The human brain would have never become so large without meat. But the fact that the protein in meat has been beneficial for us, doesn’t eliminate the possibility that other aspects of meat are bad for us. Maybe it would be healthier for all of us to get our potein from vegetable-based products.

  7. Voltairine said on February 12th, 2008 at 1:20pm #

    The results of scientific studies that Ms. Moore cites in her article appear to counter Mr. Kenny’s assertion that consumption of animal products has not had any “apparent detrimental effect” on human health. Whether humans of past millenia who consumed animal products suffered “detrimental” effects is a question we simply can’t definitively answer. But the results of numerous studies suggest that humans living now are certainly suffering such effects. Though other lifestyle choices arguably play a role in human health problems, the evidence is mounting that a diet high in animal products is a risky choice if one wishes to optimize health. Whether consuming animal products is “inherently wrong” is beside the point.

  8. Michael Dawson said on February 12th, 2008 at 4:08pm #

    People are not “consumers.” We are product-users. If you hope to help spread the word about better eating and better living in the modern world, please stop employing corporate capitalism’s slurs against human beings.

    Calling people “consumers” obscures their normal aims and interests from view. That’s part of the trickery and misinformation that you’re fighting against. Don’t give in to it!

    Next time you find yourself about to write “more and more consumers are resolving to make healthy, humane food choices,” just say “more and more _people_ are resolving to make healthy, humane food choices.”

    It’s easy and subtly important. As the old song says, people are people.

  9. Thomas Victor said on February 12th, 2008 at 5:58pm #

    It’s a mistake to lump in criticism of cloning animals for food with criticism of consumption of meat and milk products in general.

    The author has such child like faith in these ‘studies’ and in research scientists in the health field!. There are 1000’s of dubious studies out there, just pick your point of view and you can find many studies that support that view. And many that say the opposite. The American Medical establishment has chosen to push it’s point of view to the exclusion of all others (does that sound familiar?) so be cautious, same as with other establishment news.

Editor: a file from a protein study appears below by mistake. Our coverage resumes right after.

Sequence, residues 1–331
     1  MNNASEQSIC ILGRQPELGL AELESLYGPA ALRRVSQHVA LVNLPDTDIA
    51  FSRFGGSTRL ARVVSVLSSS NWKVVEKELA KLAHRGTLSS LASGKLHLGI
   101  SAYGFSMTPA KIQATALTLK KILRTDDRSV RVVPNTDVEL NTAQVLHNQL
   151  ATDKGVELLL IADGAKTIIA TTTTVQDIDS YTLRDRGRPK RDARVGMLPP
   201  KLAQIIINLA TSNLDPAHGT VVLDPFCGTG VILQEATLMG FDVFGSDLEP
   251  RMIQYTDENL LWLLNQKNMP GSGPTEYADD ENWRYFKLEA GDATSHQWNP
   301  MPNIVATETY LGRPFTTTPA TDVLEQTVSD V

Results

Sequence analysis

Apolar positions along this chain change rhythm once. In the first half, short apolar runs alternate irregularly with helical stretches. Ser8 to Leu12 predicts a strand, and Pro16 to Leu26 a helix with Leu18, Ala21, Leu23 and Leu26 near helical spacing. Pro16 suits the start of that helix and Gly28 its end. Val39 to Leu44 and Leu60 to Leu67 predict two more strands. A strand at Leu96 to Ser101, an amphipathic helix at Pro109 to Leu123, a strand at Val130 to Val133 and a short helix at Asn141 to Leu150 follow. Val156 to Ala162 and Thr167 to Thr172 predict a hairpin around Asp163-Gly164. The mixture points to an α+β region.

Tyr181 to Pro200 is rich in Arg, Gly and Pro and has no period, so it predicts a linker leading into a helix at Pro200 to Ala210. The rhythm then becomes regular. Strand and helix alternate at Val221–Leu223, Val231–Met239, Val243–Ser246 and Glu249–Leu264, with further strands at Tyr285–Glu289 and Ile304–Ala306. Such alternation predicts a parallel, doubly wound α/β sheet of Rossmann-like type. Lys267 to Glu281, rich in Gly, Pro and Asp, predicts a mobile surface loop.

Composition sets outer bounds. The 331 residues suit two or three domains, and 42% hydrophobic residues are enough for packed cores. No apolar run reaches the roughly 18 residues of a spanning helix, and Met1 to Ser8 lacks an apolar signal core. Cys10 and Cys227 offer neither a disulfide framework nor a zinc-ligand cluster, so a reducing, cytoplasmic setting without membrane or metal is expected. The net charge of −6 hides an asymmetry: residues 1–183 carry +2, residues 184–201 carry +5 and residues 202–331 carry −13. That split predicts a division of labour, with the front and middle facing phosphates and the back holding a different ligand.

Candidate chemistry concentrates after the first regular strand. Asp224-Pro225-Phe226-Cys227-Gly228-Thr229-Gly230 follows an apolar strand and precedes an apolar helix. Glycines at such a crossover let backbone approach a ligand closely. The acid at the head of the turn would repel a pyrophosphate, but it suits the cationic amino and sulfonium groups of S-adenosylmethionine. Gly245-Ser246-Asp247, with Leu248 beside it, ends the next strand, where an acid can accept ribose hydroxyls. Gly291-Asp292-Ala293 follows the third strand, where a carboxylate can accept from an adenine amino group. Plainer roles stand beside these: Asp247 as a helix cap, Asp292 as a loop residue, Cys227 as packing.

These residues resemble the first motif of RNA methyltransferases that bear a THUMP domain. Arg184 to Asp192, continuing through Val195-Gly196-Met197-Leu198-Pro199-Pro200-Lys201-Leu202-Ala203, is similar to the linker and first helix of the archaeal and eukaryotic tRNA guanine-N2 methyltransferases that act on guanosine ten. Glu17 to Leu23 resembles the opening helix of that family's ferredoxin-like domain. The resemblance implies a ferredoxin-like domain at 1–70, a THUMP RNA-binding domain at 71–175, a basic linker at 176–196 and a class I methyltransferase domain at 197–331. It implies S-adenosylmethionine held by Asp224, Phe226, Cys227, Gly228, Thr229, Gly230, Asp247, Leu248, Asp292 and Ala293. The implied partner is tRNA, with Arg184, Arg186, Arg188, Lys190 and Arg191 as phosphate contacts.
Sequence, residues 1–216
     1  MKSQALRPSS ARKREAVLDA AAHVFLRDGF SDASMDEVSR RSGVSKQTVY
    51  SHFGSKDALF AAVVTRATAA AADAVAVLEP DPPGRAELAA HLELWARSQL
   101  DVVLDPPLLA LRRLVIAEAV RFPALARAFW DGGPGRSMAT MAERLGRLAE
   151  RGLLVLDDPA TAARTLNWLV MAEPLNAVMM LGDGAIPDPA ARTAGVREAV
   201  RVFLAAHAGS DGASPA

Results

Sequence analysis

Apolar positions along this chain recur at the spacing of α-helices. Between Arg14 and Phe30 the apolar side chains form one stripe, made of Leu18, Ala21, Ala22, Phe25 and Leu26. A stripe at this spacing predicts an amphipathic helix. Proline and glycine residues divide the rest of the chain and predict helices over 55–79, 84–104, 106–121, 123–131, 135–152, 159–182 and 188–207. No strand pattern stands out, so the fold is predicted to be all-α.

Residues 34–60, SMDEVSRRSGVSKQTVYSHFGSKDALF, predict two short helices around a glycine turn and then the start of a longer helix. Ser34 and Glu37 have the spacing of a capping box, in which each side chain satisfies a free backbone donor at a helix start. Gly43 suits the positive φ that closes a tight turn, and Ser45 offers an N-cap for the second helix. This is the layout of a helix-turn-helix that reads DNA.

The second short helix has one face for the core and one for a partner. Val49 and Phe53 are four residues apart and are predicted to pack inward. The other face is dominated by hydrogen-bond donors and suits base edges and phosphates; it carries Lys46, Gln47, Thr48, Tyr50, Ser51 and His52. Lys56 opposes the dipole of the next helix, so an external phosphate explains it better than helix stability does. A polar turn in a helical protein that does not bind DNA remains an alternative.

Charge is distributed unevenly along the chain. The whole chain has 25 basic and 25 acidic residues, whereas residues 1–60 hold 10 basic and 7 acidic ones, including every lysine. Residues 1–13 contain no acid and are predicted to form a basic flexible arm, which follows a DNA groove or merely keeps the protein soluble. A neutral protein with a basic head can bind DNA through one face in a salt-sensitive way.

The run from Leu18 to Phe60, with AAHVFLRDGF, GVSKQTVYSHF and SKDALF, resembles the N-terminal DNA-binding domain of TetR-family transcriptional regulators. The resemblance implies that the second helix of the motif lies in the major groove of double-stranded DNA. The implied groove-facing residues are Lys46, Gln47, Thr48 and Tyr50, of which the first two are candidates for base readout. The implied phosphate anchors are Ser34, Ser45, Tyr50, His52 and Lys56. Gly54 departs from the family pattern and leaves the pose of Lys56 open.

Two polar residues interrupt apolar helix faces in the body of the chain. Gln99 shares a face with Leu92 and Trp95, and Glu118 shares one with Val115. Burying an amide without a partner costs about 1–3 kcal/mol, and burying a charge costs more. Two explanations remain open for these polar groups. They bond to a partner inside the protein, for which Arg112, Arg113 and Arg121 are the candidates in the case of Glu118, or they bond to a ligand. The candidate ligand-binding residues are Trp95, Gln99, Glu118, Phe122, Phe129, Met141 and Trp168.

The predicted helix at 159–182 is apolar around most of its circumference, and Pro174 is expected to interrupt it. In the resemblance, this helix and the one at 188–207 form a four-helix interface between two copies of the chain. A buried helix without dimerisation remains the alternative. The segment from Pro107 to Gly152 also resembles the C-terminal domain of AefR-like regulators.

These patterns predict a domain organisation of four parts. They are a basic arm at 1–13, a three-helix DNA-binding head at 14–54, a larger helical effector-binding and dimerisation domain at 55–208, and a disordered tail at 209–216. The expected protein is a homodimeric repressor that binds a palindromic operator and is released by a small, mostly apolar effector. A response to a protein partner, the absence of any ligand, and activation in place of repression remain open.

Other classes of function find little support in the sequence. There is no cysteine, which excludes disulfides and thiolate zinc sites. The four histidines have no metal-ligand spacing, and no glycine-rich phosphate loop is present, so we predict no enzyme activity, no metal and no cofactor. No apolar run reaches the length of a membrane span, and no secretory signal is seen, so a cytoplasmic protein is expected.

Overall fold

For example, read the Dr Atkins diet book and you can see 100’s of scientific studies showing that people have done very well with high fat diets. But the current ‘medical establishment’ view is to demonize satuarated fats and cholesterol and to ignore any studies that say the opposite.

    There are studies that show for people above 50, the ones with high cholesterol live longer than those with low cholesterol.

    As Michael Kenny points out, humans have eaten meat and milk products for millions of years and flourished. In South Asia, coconut oil and palm oil have been heavily used through the ages with no ill effects inspite of the ‘satuarated fats’ scare in the US. Here, people switched to margarine and other hydrogenated fats and are suffering from the trans-fats they ingest. Meanwhile, at least 10 years ago, scientific articles came out saying,yes that was a mistake, there are no problems with coconut oil. And now there are booming sales in organic cocnut oil as a health food. Yet the medical establishment refuses to acknowledge it’s mistake.

    Cholesterol, far from being evil, is absolutely necessary for humans. The brain is 50% cholesterol, cholesterol is a necessary element in cell walls, and cholesterol is the starting point for many hormones including the sex hormones. The fact that cholesterol is found in arterial placques could well be due to it being being used by the body to patch weak arterial walls that are about to give way, not due to it being CAUSE of the the placque. So the problem is really how to strengthen arteries, not how to eliminate evil cholesterol. That’s what Dr Linus Pauling found and his work is being continued by Dr Mathias Rath.